The Art of Engagement: the Fishers Tales exhibition
The Fishers Tales moved from its online home into a live exhibition space at the KZNSA Gallery in Durban South Africa, the exhibition which is free to the public runs from the 2 March to 3 April 2022. The exhibition showcases arts-based storytelling on the wondrous tales and emotional connections that fishers enjoy with the ocean. Besides the photographs and artwork on the walls the public can take home copies of the beautifully printed postcards, each of which depicts a unique fisher’s story and accompanying artwork from an emerging artist in Durban.
Visual storytelling is a powerful way to connect into other people’s stories of ocean life, but in order to engage deeper around issues of coastal justice and democratic ocean governance the Urban Futures Centres and the South Durban Community Environmental Alliance uses the exhibition space to bring together diverse publics and fishers to talk about shared concerns for ocean wellbeing. In this way the artwork acts as a catalyst for conversations around how we work together towards the sustainability of our oceans in just and equitable ways that protect the most vulnerable in society.
The official exhibition opening drew an impressive crowd on the evening of the 2nd March. The launch programme included a space for fisher’s to share their stories in person with the public, as well as a talk by long-standing environmental activist Des D’Sa. The opening also screened the Lalela uLwandle (Listen to the Sea) animation and ended with a live reading by Mpume Mthombeni of the Blue Blanket poem by Dylan McGarry. If you have not seen these beautiful animations on the political conflicts around Oil & Gas prospecting in the South African Seas do click the links to watch them. In South Africa many small-scale and subsistence fishers are at the forefront of fighting for human rights to a healthy environmental in the face of coastal and ocean mining developments. As Mr. Mbhele, one of the fishers whose story features in the exhibition reminds us “pollution destroys the very resources that fishers so dearly depend on for their livelihood, this not only spoils the ecosystem but destroys the hopes of fishing for the future generations”. The exhibition opening formally thanked and recognised both the fishers and artists for their work in making visible these important livelihood and environmental concerns.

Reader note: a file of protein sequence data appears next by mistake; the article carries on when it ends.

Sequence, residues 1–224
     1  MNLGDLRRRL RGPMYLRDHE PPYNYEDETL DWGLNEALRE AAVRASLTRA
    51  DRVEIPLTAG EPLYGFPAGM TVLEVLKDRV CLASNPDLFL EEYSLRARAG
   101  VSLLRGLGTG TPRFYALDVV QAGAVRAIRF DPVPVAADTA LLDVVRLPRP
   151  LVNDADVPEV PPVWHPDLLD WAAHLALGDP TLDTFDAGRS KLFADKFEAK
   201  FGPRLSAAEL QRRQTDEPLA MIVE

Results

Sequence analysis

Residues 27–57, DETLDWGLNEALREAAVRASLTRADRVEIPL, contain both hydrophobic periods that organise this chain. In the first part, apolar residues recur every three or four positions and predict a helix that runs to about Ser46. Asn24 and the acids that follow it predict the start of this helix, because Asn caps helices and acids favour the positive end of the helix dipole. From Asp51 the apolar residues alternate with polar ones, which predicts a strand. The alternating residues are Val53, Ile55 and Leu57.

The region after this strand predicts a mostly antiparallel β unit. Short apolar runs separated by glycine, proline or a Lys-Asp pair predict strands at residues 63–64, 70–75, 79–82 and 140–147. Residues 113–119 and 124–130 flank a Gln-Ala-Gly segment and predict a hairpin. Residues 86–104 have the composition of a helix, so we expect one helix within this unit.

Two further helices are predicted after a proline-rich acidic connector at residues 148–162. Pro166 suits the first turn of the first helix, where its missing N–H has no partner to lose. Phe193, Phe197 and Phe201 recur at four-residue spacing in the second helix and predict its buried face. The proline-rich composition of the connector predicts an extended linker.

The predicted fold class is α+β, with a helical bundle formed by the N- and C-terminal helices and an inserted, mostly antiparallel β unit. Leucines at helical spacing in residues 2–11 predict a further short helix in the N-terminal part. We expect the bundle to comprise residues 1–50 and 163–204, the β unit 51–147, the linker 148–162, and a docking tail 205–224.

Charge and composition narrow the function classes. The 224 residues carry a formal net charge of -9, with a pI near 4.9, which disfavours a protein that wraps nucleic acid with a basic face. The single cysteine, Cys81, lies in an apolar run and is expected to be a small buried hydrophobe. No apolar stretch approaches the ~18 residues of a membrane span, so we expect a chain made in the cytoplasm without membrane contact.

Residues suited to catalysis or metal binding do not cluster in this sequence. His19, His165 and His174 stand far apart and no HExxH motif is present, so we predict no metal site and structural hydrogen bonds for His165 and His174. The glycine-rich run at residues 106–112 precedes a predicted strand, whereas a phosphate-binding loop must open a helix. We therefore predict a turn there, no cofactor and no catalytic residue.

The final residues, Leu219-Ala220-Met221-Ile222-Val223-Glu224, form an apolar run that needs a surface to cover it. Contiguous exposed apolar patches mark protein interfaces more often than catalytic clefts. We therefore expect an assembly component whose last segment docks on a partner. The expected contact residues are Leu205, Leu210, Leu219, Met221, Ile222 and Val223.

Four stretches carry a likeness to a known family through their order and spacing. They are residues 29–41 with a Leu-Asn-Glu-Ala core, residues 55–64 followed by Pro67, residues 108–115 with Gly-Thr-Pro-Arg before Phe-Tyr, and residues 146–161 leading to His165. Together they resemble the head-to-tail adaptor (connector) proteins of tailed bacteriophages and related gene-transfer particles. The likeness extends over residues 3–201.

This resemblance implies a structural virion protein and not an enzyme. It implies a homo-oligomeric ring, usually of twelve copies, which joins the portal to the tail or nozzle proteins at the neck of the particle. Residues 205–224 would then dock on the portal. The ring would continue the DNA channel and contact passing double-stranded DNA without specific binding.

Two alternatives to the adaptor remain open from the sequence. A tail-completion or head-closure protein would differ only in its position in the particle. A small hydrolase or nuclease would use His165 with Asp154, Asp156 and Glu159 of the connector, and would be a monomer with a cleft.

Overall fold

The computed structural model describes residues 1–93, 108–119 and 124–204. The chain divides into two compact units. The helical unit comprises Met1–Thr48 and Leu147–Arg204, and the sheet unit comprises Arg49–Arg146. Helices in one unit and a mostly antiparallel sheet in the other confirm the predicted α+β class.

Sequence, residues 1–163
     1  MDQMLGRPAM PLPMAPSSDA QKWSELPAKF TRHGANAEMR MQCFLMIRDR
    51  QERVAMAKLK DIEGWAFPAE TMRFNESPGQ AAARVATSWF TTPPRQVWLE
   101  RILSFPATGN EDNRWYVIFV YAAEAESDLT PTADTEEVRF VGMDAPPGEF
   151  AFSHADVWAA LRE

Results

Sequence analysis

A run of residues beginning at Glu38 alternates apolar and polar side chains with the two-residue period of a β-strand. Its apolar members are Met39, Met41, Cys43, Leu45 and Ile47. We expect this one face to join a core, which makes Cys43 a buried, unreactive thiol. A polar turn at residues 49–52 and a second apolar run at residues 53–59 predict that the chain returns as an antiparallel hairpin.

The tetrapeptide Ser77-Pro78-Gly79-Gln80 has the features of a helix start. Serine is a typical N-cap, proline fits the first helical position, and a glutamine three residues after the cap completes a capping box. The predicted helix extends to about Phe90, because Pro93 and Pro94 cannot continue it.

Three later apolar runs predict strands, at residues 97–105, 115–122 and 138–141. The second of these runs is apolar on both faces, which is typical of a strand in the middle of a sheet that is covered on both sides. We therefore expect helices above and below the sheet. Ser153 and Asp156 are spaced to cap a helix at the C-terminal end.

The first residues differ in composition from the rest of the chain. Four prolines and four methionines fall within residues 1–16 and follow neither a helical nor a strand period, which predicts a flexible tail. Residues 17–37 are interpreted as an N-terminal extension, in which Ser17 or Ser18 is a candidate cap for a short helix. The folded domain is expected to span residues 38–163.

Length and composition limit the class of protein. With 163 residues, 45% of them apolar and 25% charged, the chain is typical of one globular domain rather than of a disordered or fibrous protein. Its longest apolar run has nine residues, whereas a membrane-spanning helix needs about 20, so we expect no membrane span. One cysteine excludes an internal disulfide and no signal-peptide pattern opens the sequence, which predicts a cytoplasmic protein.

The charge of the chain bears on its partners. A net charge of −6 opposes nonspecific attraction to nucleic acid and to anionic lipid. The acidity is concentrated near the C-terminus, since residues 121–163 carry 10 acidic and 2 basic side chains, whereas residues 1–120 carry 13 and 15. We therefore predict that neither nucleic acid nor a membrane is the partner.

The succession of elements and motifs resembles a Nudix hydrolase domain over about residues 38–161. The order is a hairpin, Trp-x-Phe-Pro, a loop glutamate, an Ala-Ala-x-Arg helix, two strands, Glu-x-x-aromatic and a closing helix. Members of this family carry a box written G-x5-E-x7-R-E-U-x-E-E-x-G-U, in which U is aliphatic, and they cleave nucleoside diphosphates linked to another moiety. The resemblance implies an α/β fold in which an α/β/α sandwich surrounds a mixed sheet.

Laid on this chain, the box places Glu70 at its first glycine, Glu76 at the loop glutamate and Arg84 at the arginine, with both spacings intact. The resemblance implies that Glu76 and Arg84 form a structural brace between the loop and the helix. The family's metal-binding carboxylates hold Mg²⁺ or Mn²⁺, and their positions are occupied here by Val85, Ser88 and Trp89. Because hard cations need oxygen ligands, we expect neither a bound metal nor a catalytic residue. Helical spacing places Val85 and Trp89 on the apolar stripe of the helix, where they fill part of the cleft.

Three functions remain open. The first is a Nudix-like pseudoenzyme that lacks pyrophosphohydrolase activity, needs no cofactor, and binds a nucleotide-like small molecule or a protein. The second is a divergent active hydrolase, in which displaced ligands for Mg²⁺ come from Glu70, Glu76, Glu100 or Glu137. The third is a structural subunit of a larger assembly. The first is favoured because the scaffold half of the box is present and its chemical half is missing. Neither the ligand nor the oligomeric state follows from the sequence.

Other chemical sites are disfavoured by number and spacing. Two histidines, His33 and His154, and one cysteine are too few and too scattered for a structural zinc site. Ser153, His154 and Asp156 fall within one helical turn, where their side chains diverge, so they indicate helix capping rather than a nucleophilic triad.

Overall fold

In addition to the opening the project team have held a dedicated conversation session for school children and their teachers to hear a live storytelling session by one of the fishers, John-Peter Narayanasamy, and ask questions of the project team around environmental justice in the city of Durban. A live storytelling session was also open to the public to engage with Fishers on their stories and concerns for ocean wellbeing. This coming Saturday 2nd of April 2022, from 1:30pm to 2:30pm, the Fishers Tales gallery space is open for an in-person session on ocean wellbeing with a marine science specialist and fishers from KZN. This session is for all ages and looks at how climate change and pollution has affected marine life in the ocean and how this has negatively impacted the lives of small-scale and subsistence fishers. It also offers some practical actions we can all take to mitigate against ocean degradation.
Perhaps one of the most important learnings from the Fishers Tales exhibition is how to use art as a catalyst for conversation inside formal exhibition spaces. Doing this require inviting people who would very rarely enter into formal gallery spaces, in this case subsistence fishers, as experts in their own right to engage with the public. Many members of the public have been moved by being able to not just enjoy the artwork and the postcard stories, but start up a conversation with the fishers in the room who these stories belong to. Being able to ask questions and better understand their struggles has in words of one audience members “opened her eyes” to the beauty of Durban’s beaches and all the people who make use of it, including the knowledgeable fishers she met at the opening. We hope that the exhibition space has opened up a little bit more recognition for how subsistence and small-scale fishers, in many cases along our coastlines, are fighting for a future healthy ocean that benefits us all.
The Fishers Tales project contributes towards a bigger One Ocean Hub project for inclusive and transformative approaches to ocean governance. The project is managed by the Urban Futures Centre in partnership with the South Durban Community Environmental Alliance (SDCEA), and it is funded through the Deep Emotional Engagement Programme (DEEP) Fund (administered by the One Ocean Hub programme).